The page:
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I think the very fact that so many people have tried to use add on filters without success, or with more issues than they started with shows why the camera is the way it is. It is extremely difficult to produce an aggressive IR cut filter that doesn't compromise the rest of the spectrum. This is not a problem unique to the EX. Almost all cameras that use ND filter will suffer from this as most ND filters don't attenuate IR as much as the visible spectrum.
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Old October 3rd, 2008, 02:26 PM   #6
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I think the very fact that so many people have tried to use add on filters without success, or with more issues than they started with shows why the camera is the way it is. It is extremely difficult to produce an aggressive IR cut filter that doesn't compromise the rest of the spectrum. This is not a problem unique to the EX. Almost all cameras that use ND filter will suffer from this as most ND filters don't attenuate IR as much as the visible spectrum.
I would agree Alister if it weren't a fact that CMOS DSLRs do not suffer the same fate and that most other video cameras do not have this issue. As a matter of fact, there are companies who's specialty is to modify some DSLRs to put a weaker IR filter in place so as to get the "problem" we are having with the EX series. I sincerely believe that the Sony engineers made the wrong decision as to what compromises to make.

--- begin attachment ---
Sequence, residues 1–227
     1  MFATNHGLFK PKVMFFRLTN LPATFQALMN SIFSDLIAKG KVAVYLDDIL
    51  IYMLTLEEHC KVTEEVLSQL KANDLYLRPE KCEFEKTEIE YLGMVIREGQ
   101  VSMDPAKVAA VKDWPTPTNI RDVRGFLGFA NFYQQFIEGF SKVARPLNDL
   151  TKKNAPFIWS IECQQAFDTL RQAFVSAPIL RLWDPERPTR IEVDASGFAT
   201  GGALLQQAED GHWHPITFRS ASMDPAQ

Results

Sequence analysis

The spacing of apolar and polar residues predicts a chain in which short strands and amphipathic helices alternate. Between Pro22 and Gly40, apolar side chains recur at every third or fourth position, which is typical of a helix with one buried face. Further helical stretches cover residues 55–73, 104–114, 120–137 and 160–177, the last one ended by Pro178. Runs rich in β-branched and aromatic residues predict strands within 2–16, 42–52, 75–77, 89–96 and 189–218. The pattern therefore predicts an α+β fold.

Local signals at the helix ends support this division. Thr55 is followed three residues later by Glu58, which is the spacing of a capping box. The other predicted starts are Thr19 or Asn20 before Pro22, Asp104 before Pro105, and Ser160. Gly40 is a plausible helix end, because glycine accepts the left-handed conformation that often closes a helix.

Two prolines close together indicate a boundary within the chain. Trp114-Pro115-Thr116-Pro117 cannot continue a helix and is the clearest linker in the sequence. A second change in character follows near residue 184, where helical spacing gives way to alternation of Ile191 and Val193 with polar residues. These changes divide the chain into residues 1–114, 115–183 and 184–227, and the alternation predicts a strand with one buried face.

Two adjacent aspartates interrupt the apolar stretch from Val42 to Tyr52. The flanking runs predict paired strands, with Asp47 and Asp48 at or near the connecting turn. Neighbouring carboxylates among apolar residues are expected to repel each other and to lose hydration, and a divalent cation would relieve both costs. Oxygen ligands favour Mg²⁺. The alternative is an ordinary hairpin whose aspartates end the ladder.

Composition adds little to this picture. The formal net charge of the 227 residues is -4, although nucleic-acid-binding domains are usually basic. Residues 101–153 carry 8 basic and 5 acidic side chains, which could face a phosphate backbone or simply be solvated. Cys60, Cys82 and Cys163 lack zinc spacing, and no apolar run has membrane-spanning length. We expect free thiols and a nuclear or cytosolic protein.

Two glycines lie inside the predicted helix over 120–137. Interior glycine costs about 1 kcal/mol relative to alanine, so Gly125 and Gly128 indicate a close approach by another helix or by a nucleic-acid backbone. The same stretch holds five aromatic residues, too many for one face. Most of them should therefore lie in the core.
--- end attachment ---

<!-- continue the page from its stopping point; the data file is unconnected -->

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Old October 3rd, 2008, 02:35 PM   #7
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DSLR's don't have integral ND filters and almost all CMOS video cameras and many CCD cameras that have ND filters DO suffer from this same problem, its just that very few of these cameras are being used by professionals that notice things like black cloths under tungsten light having a red hue.
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Old October 4th, 2008, 12:53 AM   #8
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A quick comparison test using a halogen lamp, my Canon 40D, my Canon XL2, and my EX3:

1. I took a couple of shots of my camera bag at 1/60 with and without a NDx8 filter with my 40D. White balance set for 2800K. Naked shot had a slight hint of not quite black to the bag. There is a strap on the bag that looks black no matter what and it was hard to tell the difference naked. With the NDx8 the slightest of a dark purplish hue showed up on the bag and it was more apparent that it was not the same colour of the strap.